Dec 12 (Reuters) - Bank of America Corp has agreed to pay $131.8 million to settle U.S. Securities and Exchange Commission charges that its Merrill Lynch unit misled investors about collateralized debt obligations it structured and sold.
The regulator on Thursday said Merrill failed to tell investors that hedge fund firm Magnetar Capital LLC exercised significant influence in choosing collateral underlying two CDOs in 2006 and 2007.
It also accused Merrill of maintaining inaccurate books and records on a third CDO, Auriga.
The SEC said Magnetar took equity positions in the $1.5 billion Octans I CDO and $1.5 billion Norma CDO I and hedged them with short positions.
It said this meant Magnetar's interests may not have been aligned with those of other investors.
Merrill "portrayed an independent process for collateral selection that was in the best interests of long-term debt investors," George Canellos, co-director of the SEC enforcement division, said in a statement. "Investors did not have the benefit of knowing that a prominent hedge fund firm with its own interests was heavily involved behind the scenes in selecting the underlying portfolios."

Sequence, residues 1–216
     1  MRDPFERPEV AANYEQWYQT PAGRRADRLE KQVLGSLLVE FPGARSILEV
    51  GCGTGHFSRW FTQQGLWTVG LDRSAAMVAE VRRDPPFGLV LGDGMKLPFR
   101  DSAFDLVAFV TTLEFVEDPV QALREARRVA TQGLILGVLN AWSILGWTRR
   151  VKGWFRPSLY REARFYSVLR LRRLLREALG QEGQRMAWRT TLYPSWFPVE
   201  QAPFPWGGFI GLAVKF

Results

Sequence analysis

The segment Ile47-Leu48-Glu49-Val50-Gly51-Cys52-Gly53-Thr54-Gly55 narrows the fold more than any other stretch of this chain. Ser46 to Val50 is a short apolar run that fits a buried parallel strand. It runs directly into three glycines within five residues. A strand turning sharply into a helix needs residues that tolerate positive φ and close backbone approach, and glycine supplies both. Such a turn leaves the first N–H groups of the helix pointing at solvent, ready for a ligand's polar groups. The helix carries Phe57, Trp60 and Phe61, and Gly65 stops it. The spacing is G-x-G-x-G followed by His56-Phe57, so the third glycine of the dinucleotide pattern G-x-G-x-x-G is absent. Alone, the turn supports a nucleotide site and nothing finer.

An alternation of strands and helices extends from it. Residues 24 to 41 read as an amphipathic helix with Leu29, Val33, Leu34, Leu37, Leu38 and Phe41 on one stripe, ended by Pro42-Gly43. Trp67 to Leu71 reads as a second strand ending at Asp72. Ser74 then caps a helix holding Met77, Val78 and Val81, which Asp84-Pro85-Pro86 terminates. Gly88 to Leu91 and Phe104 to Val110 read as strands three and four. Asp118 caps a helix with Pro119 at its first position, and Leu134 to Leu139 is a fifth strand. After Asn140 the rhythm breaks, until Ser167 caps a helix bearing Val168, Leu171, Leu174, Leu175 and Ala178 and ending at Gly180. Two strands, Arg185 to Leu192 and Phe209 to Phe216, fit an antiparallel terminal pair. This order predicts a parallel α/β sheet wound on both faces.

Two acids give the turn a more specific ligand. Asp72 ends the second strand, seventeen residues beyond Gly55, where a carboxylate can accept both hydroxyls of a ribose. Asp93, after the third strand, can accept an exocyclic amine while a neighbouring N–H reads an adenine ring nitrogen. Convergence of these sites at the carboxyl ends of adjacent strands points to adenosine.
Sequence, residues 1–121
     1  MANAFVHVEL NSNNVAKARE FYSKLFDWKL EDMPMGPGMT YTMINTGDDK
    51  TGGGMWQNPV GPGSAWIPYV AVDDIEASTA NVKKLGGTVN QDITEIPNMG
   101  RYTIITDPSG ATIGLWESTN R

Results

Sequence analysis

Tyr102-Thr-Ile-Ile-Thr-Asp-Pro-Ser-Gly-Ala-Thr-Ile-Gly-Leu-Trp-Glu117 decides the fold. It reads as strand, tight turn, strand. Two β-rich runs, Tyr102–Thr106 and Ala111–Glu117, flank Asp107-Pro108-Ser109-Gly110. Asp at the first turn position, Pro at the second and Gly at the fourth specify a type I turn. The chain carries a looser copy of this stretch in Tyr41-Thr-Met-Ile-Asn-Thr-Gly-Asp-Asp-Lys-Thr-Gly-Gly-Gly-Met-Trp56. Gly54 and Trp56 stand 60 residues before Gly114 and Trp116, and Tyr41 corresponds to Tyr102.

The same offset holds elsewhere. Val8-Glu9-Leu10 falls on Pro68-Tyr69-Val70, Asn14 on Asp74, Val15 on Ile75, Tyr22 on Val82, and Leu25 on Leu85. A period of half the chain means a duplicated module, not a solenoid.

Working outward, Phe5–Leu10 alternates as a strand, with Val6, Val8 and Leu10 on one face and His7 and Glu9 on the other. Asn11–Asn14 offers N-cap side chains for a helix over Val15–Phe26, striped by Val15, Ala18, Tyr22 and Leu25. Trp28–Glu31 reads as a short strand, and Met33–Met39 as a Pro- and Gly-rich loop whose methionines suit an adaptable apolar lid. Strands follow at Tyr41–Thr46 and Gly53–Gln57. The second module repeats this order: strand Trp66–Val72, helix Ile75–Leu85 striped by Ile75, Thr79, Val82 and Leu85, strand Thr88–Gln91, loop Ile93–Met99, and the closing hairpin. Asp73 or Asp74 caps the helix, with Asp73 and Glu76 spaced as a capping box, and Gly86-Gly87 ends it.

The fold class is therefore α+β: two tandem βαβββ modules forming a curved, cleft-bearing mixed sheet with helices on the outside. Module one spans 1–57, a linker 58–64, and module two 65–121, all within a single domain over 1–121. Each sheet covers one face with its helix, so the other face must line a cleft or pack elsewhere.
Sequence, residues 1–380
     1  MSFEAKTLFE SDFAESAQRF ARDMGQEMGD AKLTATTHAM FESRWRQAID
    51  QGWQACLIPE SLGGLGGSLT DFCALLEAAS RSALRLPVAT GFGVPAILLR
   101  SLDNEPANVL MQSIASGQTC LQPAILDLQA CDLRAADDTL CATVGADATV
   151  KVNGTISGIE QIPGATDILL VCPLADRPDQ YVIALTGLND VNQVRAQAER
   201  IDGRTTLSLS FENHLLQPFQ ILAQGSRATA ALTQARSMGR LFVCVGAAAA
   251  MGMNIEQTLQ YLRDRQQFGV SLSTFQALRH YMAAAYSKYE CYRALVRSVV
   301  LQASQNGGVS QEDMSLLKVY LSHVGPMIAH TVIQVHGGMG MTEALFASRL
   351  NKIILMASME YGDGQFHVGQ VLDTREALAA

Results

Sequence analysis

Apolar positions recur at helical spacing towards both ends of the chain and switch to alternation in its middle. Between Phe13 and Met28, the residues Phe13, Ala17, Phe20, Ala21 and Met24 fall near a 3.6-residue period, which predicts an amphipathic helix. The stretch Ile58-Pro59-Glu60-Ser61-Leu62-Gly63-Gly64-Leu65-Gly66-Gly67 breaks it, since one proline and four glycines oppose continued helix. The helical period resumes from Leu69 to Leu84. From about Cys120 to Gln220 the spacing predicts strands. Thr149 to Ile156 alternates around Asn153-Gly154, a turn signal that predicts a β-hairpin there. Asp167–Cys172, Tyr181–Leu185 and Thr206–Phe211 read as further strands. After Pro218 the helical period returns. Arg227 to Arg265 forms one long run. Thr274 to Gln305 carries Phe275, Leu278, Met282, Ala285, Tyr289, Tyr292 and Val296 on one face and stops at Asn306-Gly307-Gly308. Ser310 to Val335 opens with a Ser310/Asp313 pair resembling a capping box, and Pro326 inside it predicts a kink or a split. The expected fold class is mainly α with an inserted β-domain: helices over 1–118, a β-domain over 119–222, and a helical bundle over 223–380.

The $131.8 million payment includes a $56.3 million civil fine, $56.3 million of disgorged funds, and $19.2 million of interest. Bank of America did not admit or deny wrongdoing. It bought Merrill on Jan. 1, 2009.
Bank of America spokesman Bill Halldin said the bank is pleased to settle. The second-largest U.S. bank is based in Charlotte, North Carolina.
In a statement, Magnetar said it has cooperated with the SEC, and that commission staff recommended not to bring civil charges against it over the relevant CDOs. "We are pleased that these matters are now behind us," it said.